Julio Jones is dangerous even without the ball in his hands


Oct 28, 2012; Philadelphia, PA, USA; Atlanta Falcons wide receiver Julio Jones (11) gets behind Philadelphia Eagles cornerback Nnamdi Asomugha (24) and safety Nate Allen (29) to score a touchdown during the second quarter at Lincoln Financial Field. Mandatory Credit: Howard Smith-US PRESSWIRE

The Atlanta Falcons’ Julio Jones had a multitude of very good plays on Sunday against the Eagles, and I know for sure what his best play of the day was. And no, it wasn’t his 63-yard touchdown catch.

The best play Jones had, he didn’t even touch the football. Instead, Drew Davis made the touchdown catch for the Falcons first score of the day. You can watch a replay of the touchdown score here. I encourage you to watch it three times and listen to the analysis by John Lynch from the Fox broadcast.

Here’s what happened: The Falcons drew up a play that looked very much like a wide-receiver screen to Jones. They’ve run that play several times this season, Jones has been the recipient most of the time, and Atlanta has even been successful running it in the red-zone.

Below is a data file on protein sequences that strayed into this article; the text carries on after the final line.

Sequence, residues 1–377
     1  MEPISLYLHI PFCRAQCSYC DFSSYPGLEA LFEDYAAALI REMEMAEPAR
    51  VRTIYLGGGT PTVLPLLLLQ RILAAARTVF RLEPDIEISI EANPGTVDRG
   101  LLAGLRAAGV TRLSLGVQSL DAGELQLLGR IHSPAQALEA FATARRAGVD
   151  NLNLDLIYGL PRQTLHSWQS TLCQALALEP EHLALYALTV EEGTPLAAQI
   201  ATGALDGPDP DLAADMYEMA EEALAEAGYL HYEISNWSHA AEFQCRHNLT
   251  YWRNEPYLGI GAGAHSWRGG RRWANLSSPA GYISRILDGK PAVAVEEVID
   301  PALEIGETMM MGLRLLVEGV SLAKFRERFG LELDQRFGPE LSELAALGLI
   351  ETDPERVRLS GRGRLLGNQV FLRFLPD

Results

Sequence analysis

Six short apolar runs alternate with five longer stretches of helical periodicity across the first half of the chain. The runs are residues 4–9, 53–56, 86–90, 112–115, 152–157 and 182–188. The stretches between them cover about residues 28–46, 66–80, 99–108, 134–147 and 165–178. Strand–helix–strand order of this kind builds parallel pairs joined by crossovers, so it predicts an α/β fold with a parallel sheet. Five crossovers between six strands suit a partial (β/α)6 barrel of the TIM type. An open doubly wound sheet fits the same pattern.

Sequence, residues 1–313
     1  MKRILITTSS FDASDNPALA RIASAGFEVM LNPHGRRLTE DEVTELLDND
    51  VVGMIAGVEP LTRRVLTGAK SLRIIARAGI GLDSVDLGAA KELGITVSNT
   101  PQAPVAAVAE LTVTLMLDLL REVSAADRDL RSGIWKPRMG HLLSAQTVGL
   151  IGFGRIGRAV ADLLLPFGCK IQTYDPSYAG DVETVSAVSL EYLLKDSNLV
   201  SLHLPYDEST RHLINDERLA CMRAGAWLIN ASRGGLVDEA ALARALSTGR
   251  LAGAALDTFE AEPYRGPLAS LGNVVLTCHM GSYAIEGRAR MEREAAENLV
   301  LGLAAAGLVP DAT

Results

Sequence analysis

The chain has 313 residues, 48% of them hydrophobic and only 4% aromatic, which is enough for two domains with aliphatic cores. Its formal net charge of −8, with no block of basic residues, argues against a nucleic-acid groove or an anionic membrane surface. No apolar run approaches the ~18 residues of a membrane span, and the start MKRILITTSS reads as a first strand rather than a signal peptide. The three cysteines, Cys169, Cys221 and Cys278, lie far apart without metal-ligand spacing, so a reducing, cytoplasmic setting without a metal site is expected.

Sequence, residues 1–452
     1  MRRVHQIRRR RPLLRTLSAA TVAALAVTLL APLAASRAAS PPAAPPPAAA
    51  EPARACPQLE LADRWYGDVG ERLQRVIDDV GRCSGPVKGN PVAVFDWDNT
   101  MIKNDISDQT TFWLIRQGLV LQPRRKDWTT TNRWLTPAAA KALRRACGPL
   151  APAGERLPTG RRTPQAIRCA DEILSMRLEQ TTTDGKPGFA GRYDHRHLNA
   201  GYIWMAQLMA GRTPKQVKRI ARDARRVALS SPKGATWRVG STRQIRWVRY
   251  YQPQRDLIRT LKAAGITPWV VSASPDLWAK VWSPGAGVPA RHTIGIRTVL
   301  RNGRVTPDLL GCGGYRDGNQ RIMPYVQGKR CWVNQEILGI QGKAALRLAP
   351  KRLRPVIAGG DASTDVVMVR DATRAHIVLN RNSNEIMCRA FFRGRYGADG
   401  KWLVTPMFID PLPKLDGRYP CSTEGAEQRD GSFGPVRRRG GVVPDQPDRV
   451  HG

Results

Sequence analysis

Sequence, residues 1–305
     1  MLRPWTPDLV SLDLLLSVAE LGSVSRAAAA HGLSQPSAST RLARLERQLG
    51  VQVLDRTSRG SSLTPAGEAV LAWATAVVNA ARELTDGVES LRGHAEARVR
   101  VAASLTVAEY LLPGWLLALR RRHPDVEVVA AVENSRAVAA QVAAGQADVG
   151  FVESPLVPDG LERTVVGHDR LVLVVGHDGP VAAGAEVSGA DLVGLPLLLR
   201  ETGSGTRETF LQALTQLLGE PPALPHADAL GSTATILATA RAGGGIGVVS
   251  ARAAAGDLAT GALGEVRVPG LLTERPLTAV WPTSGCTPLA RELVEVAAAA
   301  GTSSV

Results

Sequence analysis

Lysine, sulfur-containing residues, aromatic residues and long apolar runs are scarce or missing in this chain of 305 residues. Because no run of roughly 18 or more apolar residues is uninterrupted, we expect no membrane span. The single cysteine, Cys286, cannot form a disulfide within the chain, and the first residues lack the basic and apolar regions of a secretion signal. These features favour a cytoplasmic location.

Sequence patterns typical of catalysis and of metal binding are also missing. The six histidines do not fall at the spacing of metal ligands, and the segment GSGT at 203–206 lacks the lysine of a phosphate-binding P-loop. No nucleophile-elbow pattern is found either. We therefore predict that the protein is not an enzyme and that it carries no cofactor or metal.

Perhaps the most crucial component of it is that the slot receiver, who is lined up between Jones and the ball, always runs to block the corner playing Jones, and that allows Jones to work his magic with the ball in his hands and in the open field. It’s a great way to get the ball in your play makers hands.

There is only one difference about this play– the slot receiver ran straight to the sideline at the snap, but then after a couple steps starts going up the field. It gives the cornerback and safety the illusion that he is going to try to block the corner.

Just before the slot receiver- Drew Davis in this case- turns up field, Julio Jones jumps back as if to receive the pass. At the same moment, Matt Ryan makes a slight pump fake towards Jones. When watching the play, you see both the corner and the safety break towards Jones on the pump fake to Jones. The moment they do that, they’re burnt.

The rest is just simple. Drew Davis doesn’t have anyone within 8 yards of him, and is open in the endzone. Matt Ryan throws a great pass that probably would have been completed in the back corner of the endzone whether the safety bit on the fake or not.

We never got to find out. The coverage was blown by Julio attracting almost all of the attention of the defense, and next to no attention being paid to Davis. It worked out well for the Falcons and got them on the board early, with a lead they never gave up from the first possession of the game.